A positive spin is often appropriate, but not after a setback such as this. Surely the academy members who told the press they would not even see Brokeback Mountain, yet alone vote for it, deserved some criticism from GLAAD. Instead, the organization put the Oscar-produced gay cowboy montage from Sunday’s broadcast on their website. Given the end results of the evening, there was little humor to be found in a second viewing of the clips.


None of the press coverage I have seen reflects how much precedent has been broken. It is substantial. No film in history that has won the best picture award from both the Los Angeles and New York Film Critics Association has ever lost the best picture Oscar, until Brokeback Mountain. No film that has won the producers’, directors’ and writers’ guild awards has ever lost the best picture Oscar, until Brokeback Mountain. No film that has won the Golden Globe, the directors’ guild award and led in Oscar nominations, has ever lost the best picture Oscar, until Brokeback Mountain. I am at a loss to explain why GLAAD thinks this is something worth celebrating.


To its credit, Crash overcame significant obstacles to win best picture. It is only the second film in history to win without having been nominated for the Golden Globe. It is the lowest grossing film to win since The Last Emperor in 1987. It is the first film since Rocky in 1976, 30 years ago, to win best picture with only two other Oscars to its credit. It is the first ensemble drama to win since Grand Hotel in 1931. And it broke more than 75 years of non-parochial voting by Academy members to become the first film set in Los Angeles to take home the golden statue.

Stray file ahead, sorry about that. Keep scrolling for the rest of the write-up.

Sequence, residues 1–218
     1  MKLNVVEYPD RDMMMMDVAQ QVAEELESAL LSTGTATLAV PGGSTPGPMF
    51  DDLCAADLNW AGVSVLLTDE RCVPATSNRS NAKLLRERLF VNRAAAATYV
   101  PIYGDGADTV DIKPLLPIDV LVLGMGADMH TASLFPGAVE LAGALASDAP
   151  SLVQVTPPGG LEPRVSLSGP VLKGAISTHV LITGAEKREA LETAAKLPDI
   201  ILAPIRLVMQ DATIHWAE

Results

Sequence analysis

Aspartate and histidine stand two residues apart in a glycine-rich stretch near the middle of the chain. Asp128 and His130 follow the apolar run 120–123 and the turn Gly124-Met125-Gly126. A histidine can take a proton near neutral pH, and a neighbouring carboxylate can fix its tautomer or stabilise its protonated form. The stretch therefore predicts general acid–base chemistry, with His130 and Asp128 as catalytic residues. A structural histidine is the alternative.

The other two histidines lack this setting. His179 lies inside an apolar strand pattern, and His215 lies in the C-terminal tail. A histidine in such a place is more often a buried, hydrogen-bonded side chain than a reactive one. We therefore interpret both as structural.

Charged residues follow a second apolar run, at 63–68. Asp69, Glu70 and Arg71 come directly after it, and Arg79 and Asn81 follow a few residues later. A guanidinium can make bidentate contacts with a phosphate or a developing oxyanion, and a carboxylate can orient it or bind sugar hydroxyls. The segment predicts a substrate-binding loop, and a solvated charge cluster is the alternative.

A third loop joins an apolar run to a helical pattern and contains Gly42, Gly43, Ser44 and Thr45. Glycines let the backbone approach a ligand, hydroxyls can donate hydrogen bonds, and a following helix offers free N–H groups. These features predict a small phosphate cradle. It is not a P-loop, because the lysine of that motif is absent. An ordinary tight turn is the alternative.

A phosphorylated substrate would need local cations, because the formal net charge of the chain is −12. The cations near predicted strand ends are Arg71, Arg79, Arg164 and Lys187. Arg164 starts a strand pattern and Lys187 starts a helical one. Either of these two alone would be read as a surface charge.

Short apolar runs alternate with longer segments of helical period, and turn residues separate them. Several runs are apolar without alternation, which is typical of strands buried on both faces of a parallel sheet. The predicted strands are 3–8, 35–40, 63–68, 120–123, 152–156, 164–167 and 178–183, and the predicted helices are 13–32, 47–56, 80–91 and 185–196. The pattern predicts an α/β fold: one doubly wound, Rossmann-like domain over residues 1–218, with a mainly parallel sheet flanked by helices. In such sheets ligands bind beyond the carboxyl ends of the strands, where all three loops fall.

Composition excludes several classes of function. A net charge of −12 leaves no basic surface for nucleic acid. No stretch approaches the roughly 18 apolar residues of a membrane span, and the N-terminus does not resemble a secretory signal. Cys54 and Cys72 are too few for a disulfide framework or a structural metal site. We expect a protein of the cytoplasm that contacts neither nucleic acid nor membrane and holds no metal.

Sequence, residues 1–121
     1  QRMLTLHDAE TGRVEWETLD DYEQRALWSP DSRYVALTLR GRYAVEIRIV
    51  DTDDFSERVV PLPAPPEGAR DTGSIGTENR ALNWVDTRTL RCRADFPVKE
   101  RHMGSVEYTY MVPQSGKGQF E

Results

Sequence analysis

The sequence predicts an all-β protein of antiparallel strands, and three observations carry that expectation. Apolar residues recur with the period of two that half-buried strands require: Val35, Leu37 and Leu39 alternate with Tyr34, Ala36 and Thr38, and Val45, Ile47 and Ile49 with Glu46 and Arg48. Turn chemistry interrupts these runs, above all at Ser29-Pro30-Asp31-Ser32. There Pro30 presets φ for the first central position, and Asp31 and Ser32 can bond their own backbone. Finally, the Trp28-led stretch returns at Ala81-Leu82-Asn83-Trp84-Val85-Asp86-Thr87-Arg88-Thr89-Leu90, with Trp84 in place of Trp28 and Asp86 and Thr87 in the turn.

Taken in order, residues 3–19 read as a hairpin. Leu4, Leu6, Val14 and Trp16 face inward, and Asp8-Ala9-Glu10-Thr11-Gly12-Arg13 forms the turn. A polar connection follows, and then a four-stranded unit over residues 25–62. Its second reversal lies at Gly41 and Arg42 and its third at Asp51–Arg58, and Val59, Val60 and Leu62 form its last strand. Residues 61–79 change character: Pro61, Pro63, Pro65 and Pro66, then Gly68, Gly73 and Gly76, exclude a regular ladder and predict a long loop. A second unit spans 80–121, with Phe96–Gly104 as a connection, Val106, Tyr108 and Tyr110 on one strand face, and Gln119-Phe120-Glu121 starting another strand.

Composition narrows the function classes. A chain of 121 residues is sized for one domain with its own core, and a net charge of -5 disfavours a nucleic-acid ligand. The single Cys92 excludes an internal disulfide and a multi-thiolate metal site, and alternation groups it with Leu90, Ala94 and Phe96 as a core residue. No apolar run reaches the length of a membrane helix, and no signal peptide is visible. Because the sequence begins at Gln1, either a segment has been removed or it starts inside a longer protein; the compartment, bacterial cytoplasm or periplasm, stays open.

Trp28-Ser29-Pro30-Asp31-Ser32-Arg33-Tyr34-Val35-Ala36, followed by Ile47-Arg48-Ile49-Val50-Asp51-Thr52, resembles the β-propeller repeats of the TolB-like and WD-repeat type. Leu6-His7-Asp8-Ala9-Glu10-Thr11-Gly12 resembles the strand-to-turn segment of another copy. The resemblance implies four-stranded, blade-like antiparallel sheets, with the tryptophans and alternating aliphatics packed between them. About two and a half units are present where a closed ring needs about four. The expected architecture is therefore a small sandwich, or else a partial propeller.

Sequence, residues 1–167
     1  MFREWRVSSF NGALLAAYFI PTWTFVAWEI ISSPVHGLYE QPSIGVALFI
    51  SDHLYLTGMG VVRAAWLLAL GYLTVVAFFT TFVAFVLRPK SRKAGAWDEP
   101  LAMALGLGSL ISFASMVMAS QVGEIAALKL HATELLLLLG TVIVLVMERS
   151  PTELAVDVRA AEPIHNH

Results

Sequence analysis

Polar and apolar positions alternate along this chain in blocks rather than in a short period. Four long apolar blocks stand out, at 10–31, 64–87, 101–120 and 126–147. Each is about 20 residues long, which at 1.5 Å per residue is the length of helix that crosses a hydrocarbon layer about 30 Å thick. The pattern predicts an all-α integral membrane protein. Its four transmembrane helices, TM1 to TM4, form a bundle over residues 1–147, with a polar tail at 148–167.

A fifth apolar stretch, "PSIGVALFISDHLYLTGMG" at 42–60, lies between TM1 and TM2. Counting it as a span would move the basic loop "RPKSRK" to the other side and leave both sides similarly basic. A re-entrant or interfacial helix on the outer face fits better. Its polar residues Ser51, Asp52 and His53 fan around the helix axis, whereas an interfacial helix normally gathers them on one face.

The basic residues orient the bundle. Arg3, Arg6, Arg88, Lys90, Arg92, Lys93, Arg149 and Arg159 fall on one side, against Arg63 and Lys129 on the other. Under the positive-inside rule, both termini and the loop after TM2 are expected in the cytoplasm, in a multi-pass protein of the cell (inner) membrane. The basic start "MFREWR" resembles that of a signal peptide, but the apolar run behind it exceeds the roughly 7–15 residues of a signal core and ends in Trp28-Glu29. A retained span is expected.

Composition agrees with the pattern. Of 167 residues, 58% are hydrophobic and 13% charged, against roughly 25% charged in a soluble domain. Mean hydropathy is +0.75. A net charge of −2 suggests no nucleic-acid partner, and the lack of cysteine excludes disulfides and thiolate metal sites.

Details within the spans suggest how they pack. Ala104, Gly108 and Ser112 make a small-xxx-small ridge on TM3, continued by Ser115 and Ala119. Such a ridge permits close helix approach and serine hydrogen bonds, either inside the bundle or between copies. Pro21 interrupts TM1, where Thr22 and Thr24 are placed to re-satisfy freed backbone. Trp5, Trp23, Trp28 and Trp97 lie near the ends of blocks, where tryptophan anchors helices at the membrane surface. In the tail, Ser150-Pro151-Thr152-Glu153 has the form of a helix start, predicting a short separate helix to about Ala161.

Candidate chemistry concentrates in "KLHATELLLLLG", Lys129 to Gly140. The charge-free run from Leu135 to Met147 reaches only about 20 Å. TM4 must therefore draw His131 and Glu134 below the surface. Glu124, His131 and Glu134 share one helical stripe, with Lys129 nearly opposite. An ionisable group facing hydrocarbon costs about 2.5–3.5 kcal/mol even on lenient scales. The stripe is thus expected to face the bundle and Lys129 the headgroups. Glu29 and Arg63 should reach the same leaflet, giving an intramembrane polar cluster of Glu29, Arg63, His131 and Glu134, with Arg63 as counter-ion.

Some of us thought that this was the year that a gay-themed film could break through in the top category. And, clearly, it almost did. Ang Lee became the first non-white director to be honored as best director. (I’m sure he earned the respect of every director in Hollywood when he pointedly forgot to individually thank his cast.) Oscar voters may have thought that by giving Lee his Oscar, and rewarding Phillip Seymour Hoffman with the best actor award for his lisping, negative portrayal of Truman Capote, they had insulated themselves from charges of homophobia. They were wrong. The decision to honor Crash with the best picture award, coming after a long, unprecedented season of wins for Brokeback Mountain in critics’ and guild polls, leaves a bitter taste, reflected in most of the entertainment industry press.